There are quite a few nice software options, and my major criterion, as always, was minimal cost. Preferably free. In that impecunious spirit, I tapped the generous resources of Dazyweb Labs. Their SG2102a signal generator and SA3000 spectrum analyzer teamed with the inexpensive ($US95) sound card to provide a startlingly good instrument. I still haven’t figured out how to manipulate some display functions, but the functionality is irreproachable. When the interface box was inserted into the loop, the baseline was below -130 dB using optimized level settings and signal averaging (16 samples per measurement).

Though probably simple to more computer-literate folks, I spent quite a time diddling with various faders and gains to optimize the performance to this level. A calibrated analog oscilloscope was used to verify analog waveforms and levels. Putting the whole test setup in the loop and using a 1kHz sine wave as excitation, the baseline 2nd harmonic was at -116dB, 3rd harmonic at -109dB. Not too shabby performance by the test gear.

All right, then, let’s get to measuring. I had on hand nine 5692s, consisting of 4 red base RCA, two red base GE, and three brown base CBS. Also at hand was a single 6SN7GTB of rather late manufacture, branded RCA. This version had a shortened octal base, reminiscent of the old 7591s.

The average distortion results are as follows, presented in dB below the fundamental (standard deviation in parentheses):

Tube: sections tested 2nd 3rd 4th 5th (dB below +28dBU)

RCA red base 8   -55(1.3)   -89(1.8)  -99(2.4)  -110(3.3)

GE red base 4   -52  -86.4  -93.4  -111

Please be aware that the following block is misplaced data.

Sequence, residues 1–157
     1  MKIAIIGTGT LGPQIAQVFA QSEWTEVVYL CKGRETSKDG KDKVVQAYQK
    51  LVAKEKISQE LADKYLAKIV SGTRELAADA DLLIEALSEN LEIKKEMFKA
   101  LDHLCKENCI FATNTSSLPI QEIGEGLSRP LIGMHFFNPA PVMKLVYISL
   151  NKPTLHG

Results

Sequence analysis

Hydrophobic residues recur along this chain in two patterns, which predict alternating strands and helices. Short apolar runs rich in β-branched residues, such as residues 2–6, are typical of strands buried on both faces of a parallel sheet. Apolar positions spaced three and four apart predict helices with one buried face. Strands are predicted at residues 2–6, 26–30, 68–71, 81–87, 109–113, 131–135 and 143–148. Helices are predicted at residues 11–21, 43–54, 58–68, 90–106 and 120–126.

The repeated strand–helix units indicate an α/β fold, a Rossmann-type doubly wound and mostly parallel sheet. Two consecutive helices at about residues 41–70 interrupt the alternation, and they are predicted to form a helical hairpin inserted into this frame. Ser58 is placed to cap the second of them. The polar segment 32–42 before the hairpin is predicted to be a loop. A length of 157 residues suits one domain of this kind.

6SN7GTB 2    -52/-56    -93/-51    -91/-69   -105/-53

CBS brown base 6    -54(1.7)   -87(2.6)  -103(1.7)  -105(4)

The RCA red base 5692 sections were quite consistent. The GE versions both showed one better-than-average section and one worse-than-average section (in one case, the worst 2nd HD of any section on test here), but with only two tubes, it is impossible to draw any conclusion. And they still weren’t THAT far off the median. By contrast, the sections of the 6SN7GTB were so wildly different, I present both of them rather than averaging. Section 1 was quite good; section 2 showed slightly higher THD, but a horrific distribution of harmonics, bad enough to warrant showing here:

As a comparison, Jones showed an average for Russian 6J5s (his choice for a driver tube for the Crystal Palace amplifier) of -52dB for 2nd, -90dB for 3rd, and -96dB for 4th. His distortion champion was a carbonized-envelope version of 6SN7GTB, which boasted -54dB 2nd, -94dB 3rd, and 4th also below -100dB.

So, it’s gratifying to see that these measurements are fairly close to published data and that, indeed, the 5692 stacks up quite well to the best of what English scroungers can dig up. Add the heroic construction, low level of microphonics, and long lifetime, and it’s easy to see why Frank chose it for his Ultimate Line Stage.

My thanks to the Dazyweb people for providing such useful software, Ace_3000 for some great advice on soundcards and measurement, and Morgan Jones, who was kind enough to respond to my inquiries and provide lots of insight into the practicalities of the measurements. Any mistakes are mine, not theirs.